The origins of apocalyptic are another area of major contention by scholars of ancient Israelite religion. Review and evaluate the key issues and modern scholarly proposals in this arena, and then, with your review and evaluation in mind, lay out and defend your own position.

Answer 1Edit

In order to discuss the origins of apocalyptic it is important to define the boundaries of investigation for “apocalyptic” and what is meant by the term “origins.” Apocalypse is used to designate a genre of texts with a number of similarities. The most influential definition of apocalypse was generated by the SBL Study Group who used a descriptive approach to genre analysis in which they identified a cluster of traits that could set these books apart from other books . John Collins one of the leading scholars in this group defined apocalypse as “a genre of revelatory literature with a narrative framework, in which a revelation is mediated by an otherworldly being to a human recipient, disclosing a transcendent reality which is both temporal, insofar as it envisages eschatological salvation, and spatial insofar as it involves another, supernatural world.” This definition included a range of books that modern scholars had previously identified as “apocalyptic” fall between the time periods of 250 BCE to 250 CE. Collins divides the corpus into historical apocalypses and otherworldly journeys.

This highlights an important issue in this avenue of study as well as the study of ancient texts in general. The SBL Study Group’s definition has the advantage of using a number of shared features. Any identification of genre must be consistent in applying the criteria in order to see what is excluded and included. Additionally, important to genre analysis is the realization that textual affinities and modern genre identification may tell us little about historical connections or social groups. These connections must be made subsequent to a literary genre analysis.

With the above definition of the genre apocalypse, “apocalyptic” can be understood as something that shares features that are distinguishing of the genre of apocalypse. Noting that genres are not static nor are the groups which may hold apocalyptic view, we may find these traits in places outside of the formal genre of apocalypse. Collins notes that not all communities that are influenced by apocalypses actually produce apocalypses (such as Qumran). We can use apocalypticism as a either a mode of thought or worldview in that is characterized by apocalyptic thinking as found in the genre of apocalypse.

Thus, if we are to look at the origin of the genre apocalypse we are mostly likely to find the “origins” of the diverse characteristics and ideas that are encompassed by this genre category scattered throughout other genres both diachronically and synchronically. However, the origins of the individual characteristics may not tell us about social groups or people that brought these together into a united text, and we must be cautious with labeling social groups according to one type of genre of literature that is either produced or possessed by them. This has been a perennial problem in Wisdom literature, where older scholars (i.e. Crenshaw ) insisted that Wisdom literature represented the worldview of a distinct social group ontologically different from priest and prophets. This is no longer held since it is increasingly apparent that the scribes who produced wisdom literature were themselves also priests, prophets, or both and a scribe participated in the transmission and composition of all genres of writing.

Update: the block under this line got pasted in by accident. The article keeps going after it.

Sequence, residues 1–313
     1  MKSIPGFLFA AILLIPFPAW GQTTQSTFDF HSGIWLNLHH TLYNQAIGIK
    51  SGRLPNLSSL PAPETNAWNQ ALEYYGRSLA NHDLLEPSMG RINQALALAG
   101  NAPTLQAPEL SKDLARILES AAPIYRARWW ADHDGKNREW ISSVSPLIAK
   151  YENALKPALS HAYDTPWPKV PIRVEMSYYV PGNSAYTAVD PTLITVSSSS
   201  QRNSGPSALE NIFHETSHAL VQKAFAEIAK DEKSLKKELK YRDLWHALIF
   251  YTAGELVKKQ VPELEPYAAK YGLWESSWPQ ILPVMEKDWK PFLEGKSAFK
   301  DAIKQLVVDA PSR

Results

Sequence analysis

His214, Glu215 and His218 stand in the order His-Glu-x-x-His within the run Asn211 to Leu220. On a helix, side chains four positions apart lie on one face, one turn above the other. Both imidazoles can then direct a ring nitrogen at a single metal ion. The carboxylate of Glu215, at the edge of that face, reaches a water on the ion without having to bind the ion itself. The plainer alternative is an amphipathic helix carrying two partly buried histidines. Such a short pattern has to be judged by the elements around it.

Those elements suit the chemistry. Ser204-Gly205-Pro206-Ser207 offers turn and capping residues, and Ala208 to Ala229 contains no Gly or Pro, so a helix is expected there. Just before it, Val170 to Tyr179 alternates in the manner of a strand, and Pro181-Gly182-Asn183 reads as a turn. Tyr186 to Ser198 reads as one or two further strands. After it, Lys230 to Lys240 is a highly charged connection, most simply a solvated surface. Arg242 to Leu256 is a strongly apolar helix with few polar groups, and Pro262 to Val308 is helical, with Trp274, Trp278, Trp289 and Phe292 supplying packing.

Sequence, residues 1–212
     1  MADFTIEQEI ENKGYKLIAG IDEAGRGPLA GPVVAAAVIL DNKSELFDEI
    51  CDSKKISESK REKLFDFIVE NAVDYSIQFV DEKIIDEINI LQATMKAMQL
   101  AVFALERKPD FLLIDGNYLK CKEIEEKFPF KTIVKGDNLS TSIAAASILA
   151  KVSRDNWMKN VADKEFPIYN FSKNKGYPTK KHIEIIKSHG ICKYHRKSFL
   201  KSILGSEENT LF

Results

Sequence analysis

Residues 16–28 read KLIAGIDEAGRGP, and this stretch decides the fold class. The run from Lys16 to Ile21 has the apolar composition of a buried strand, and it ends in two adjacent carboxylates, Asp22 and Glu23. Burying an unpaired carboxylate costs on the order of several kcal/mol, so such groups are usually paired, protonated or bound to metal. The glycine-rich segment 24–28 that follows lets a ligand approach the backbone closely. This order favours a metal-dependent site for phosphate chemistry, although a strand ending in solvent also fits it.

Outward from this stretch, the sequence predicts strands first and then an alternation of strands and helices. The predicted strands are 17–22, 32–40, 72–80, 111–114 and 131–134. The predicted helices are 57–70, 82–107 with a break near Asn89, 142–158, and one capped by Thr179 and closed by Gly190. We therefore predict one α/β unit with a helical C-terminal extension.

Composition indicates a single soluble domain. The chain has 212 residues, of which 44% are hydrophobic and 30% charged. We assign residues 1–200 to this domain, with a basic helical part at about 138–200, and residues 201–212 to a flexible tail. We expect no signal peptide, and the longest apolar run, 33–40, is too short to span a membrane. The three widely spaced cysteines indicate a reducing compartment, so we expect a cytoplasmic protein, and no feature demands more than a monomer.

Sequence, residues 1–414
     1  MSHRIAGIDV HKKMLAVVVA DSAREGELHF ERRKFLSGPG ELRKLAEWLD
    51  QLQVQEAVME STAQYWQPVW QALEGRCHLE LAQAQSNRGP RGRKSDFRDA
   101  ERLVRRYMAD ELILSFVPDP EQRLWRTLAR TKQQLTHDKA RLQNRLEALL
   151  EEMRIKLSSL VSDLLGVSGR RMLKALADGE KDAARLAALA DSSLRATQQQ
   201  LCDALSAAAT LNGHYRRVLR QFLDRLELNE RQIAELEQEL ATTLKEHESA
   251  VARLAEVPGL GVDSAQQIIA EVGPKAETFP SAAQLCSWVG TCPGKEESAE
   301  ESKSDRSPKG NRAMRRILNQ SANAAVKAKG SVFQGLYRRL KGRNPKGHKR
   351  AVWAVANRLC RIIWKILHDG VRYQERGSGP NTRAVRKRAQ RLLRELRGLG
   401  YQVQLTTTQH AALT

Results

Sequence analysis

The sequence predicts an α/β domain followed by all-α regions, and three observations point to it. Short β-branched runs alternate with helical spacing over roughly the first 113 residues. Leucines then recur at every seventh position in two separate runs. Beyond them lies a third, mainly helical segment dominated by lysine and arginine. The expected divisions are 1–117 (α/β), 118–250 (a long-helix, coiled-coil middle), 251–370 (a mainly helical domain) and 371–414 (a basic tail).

Important proposals in the past that looked for the “origin of the apocalyptic” generally isolated what they saw as the essential ingredient and argued that it came by means of a certain culture, social group, or genre. This approach, which looks for the genetic parentage of “apocalyptic” is mostly incompatible with the generic approach advocated by Collins and the SBL Study Group. Rather than seeing apocalypticism as a derivative of another genre or historical movement, it is a ideology and world based upon a constructed literary genre that is characterized by its allusions and dependency upon other genres, motifs, and themes. Tracing these individual strands is surely a valuable endeavor, but we must be cautious in then making statements of historical development of social groups in relation to literary genres.

For example, earlier scholarship emphasized the dualism in apocalypticism and argued for its origins in Persia and Zoroastrianism. Others have argued for its development within Israel and argued that it stemmed from the prophetic movement. Paul Hanson in an important study (Dawn of the Apocalyptic, 1975) advocated that apocalypticism finds it origins within the prophetic movement and this can be seen in a number of prophetic books that contain “early apocalypses” or “proto-apocalypses.” Hanson sees the 6th-5th centuries BCE as the formative period for early apocalyptic characterized by prophetic works like Isaiah 24-27, Ezekiel 38-39, Zechariah 9-14, and Joel 2-3. For Hanson, the important ingredient in this identification is found in the differentiation between prophetic eschatology and apocalyptic eschatology. In the former, the important role of the prophet was to tie Yahweh’s plans to political and historical events of their world, while in the latter (apocalyptic eschatology) the political and historical situation was no longer a part of Yahweh’s redemptive plans for his people. Hanson’s proposal is a very important work for the development of eschatological thinking, but eschatology is not the only aspect of the genre of apocalypse.